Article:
James Harden wasn't traded to the Philadelphia 76ers until the final hours leading up to the NBA trade deadline, but rumors linked him to his ultimate destination for years prior. Harden was nearly dealt to the 76ers in 2021, but the Brooklyn Nets won out and nabbed him at the last second. When his situation in Brooklyn soured, though, he turned to Philadelphia for salvation. The 76ers are run by Daryl Morey, Harden's former general manager in Houston, and Tad Brown, former CEO of the Rockets.

Those relationships compelled plenty of amateur detectives to connect some dots. If ever a situation lent itself to tampering, it was this one. But according to NBA commissioner Adam Silver, the league is not currently investigating the 76ers for tampering. "I think, in this case, you have two teams that seem satisfied with the outcome of the trade," Silver said.

Brooklyn ultimately turned a 32-year-old declining Harden into a 25-year-old Ben Simmons along with several other valuable assets. Even if the Nets wanted to keep Harden, it would be hard to argue with the package they got in return. Simmons is exactly the sort of defender they'd lacked. They recouped some of the draft capital they initially spent on Harden, and now look to be a far more balanced team than they were a month ago. For now, it looks like a win-win trade.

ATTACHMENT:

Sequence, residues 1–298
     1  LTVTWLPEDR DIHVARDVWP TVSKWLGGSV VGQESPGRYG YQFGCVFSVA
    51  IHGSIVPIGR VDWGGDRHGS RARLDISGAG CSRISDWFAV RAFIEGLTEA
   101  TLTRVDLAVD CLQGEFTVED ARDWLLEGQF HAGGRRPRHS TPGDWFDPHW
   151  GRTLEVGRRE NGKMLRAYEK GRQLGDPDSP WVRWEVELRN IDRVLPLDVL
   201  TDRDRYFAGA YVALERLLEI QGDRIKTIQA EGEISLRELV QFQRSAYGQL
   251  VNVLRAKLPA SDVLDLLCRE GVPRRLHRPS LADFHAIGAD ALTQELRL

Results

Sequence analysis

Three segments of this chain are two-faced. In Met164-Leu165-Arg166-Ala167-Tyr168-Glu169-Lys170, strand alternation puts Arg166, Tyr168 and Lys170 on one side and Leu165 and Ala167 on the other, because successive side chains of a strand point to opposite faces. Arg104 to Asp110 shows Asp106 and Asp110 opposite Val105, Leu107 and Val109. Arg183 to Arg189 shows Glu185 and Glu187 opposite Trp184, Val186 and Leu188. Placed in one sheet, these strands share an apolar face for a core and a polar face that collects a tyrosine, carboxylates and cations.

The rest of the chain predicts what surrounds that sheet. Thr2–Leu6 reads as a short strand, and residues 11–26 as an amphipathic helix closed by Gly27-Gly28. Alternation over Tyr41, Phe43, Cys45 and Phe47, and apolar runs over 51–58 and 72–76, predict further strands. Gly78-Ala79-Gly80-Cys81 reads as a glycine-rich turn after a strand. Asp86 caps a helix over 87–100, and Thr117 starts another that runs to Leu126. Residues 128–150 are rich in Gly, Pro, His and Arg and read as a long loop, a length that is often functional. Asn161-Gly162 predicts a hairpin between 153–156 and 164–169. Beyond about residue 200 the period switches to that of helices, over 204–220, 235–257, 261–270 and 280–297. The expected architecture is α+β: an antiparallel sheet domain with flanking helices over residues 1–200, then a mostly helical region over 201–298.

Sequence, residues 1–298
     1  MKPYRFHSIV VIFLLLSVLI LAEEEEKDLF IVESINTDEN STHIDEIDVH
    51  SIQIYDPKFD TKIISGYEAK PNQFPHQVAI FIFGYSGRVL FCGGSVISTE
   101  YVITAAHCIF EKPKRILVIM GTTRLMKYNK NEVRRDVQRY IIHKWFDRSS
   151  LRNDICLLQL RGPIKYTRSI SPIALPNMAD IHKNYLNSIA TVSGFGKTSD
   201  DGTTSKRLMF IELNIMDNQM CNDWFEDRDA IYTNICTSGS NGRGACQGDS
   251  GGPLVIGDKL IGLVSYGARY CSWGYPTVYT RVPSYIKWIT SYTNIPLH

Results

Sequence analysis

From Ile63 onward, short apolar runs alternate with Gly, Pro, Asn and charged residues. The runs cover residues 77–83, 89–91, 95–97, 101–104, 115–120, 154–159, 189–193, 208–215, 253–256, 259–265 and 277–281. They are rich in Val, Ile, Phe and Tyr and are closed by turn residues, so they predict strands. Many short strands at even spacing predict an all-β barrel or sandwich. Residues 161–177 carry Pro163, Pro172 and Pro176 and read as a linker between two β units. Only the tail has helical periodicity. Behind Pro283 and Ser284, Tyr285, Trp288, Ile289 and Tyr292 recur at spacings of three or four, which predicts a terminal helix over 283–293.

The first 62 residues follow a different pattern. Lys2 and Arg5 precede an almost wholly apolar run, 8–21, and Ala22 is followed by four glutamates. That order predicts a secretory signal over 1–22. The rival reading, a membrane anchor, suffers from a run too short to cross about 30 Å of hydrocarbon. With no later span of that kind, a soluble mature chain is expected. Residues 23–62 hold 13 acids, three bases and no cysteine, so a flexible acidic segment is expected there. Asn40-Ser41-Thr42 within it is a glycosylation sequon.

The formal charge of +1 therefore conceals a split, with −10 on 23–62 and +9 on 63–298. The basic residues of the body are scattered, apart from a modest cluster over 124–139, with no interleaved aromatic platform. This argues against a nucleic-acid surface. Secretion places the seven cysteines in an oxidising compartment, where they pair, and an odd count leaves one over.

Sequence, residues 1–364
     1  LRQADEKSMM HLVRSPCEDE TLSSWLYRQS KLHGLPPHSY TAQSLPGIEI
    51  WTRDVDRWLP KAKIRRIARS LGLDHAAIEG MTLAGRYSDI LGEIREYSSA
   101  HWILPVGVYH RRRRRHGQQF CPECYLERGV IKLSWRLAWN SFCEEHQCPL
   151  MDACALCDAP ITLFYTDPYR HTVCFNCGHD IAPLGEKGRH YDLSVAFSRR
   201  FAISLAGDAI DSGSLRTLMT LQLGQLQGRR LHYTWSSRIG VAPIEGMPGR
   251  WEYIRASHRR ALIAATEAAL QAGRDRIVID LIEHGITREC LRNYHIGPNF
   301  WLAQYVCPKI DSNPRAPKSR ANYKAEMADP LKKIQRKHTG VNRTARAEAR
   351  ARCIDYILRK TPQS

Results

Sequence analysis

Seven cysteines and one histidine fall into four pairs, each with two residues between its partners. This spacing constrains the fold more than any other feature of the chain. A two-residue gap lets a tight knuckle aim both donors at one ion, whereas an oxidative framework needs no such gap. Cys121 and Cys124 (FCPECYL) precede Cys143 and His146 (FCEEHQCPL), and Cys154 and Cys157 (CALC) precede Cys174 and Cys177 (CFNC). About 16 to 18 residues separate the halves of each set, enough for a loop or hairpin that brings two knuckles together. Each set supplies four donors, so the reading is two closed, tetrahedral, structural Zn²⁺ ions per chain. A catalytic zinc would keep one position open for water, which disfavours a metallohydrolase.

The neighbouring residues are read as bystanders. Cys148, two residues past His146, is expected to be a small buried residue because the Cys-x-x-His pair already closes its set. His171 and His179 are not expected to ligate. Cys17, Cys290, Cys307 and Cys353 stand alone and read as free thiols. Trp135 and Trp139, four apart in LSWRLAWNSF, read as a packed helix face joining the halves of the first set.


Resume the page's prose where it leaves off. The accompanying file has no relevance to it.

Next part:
Even if the Nets believe that Philadelphia tampered to convince Harden to force a trade, there are a variety of reasons why they likely didn't push for a tampering investigation. The obvious one is that they themselves traded for Harden only a year ago, and their players reportedly wanted Harden badly. They just as easily could have tampered themselves. Even if the 76ers were caught in the act, it's not as though the penalty is especially steep. The Miami Heat and Chicago Bulls were each docked only a second-round pick for tampering on Kyle Lowry and Lonzo Ball, respectively, this past offseason.

Until the NBA creates and enforces stricter tampering laws, investigations ultimately serve no purpose. Whether or not Philadelphia tampered to help land Harden is almost irrelevant. He's a 76er now, and no wrongdoing they might have committed on the way is going to change that.